The common wisdom goes that millennials, saddled with crippling student debt and reluctant to make commitments and settle down, are unlikely candidates for the real estate market. The numbers, however, tell a different story. Indeed, recent data reveals that millennials’ homebuying-averse reputation is inaccurate, and that young couples and singles aged 25 to 34 constitute a powerful and growing force in the homebuying market. According to the National Association of Realtors 2015 report on generational trends, millennials represent 68% of first time homebuyers, and at 32% they make up the largest share of homebuyers overall. That percentage is likely to continue to grow. The 2015 Bank Mortgage Service Index reveals that a full 50% of millennials are looking to buy their first home and are either “extremely” or “very” likely to seal the deal within the next year.
Although initially surprising, this trend makes sense when you consider the different ways that millennials are engaging in life planning. Unlike the generation before them, many millennials are willing to prioritize owning their own home before marriage. When faced with the large cost of a wedding and the likelihood that they will marry and have children a full decade later than their counterparts 30 years ago, Forbes reports that 38% of millennials have already or would choose to delay their wedding or honeymoon in order to buy a home first.
Furthermore, millennials are simply more optimistic. Most did not experience the economic downturn and housing market crash first hand, and so tend to view homebuying as an investment and not a risk — an investment that allows them to build equity rather than continuing to pay out monthly rent which may increase at any time.
And they may be right. Dennis Delaney, partner at the law firm Hemenway & Barnes LLP, tells US News that homebuying can be a smart financial move for millennials. He caveats that good candidates have been consistently moving towards their financial goals, growing their savings slowly and steadily, and can afford the recommended downpayment of 20%.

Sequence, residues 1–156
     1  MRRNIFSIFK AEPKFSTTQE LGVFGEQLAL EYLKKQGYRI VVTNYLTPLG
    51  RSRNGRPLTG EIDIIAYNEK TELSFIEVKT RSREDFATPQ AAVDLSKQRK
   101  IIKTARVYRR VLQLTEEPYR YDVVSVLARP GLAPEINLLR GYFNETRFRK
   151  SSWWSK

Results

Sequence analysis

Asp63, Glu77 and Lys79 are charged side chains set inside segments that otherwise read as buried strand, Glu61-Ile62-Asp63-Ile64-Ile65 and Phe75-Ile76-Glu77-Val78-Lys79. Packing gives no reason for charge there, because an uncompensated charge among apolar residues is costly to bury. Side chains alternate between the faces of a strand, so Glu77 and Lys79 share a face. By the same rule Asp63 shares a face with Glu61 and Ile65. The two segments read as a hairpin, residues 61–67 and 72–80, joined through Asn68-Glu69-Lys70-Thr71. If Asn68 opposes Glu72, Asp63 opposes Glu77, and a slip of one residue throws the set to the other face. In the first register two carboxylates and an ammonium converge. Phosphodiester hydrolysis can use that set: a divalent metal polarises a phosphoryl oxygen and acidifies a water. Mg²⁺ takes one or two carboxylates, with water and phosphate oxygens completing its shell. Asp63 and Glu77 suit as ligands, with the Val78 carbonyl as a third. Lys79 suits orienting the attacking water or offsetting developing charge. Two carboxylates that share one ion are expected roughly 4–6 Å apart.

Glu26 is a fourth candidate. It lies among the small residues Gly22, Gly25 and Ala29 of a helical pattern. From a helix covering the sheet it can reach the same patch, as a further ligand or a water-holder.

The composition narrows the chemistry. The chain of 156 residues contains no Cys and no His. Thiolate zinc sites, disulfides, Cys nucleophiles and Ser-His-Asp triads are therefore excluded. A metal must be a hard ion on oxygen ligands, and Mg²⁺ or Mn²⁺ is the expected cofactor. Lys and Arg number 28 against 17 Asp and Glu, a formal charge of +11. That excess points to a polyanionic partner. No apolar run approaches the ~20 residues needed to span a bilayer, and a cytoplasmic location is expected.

Buying a home, however, may not mean the same thing for millennials as it did for their parents. The average millennial homebuyer is concerned with upward mobility and is looking for a place to live rather than a lifelong home in which to raise their family. They prefer amenity-rich locations, often choosing city condos over the traditional suburbs. Because they view houses as investments first and foremost, millennials are more willing to put time and money into improving fixer-uppers, often through cheaper do-it-yourself methods. The majority of young homeowners report that they have decorated, renovated, and made repairs. These new and improved houses are then likely to be owned for only a short time before being sold for a profit. Once avoided as a risk and discouraged by most financial advisers, this kind of casual home flipping is now proving common and successful for millennials. The average life of a home loan now ranges from five to seven years.
One thing is clear: millennials have entered the homebuyers market in force, and their involvement is changing the game. This dynamic development is a trend to watch.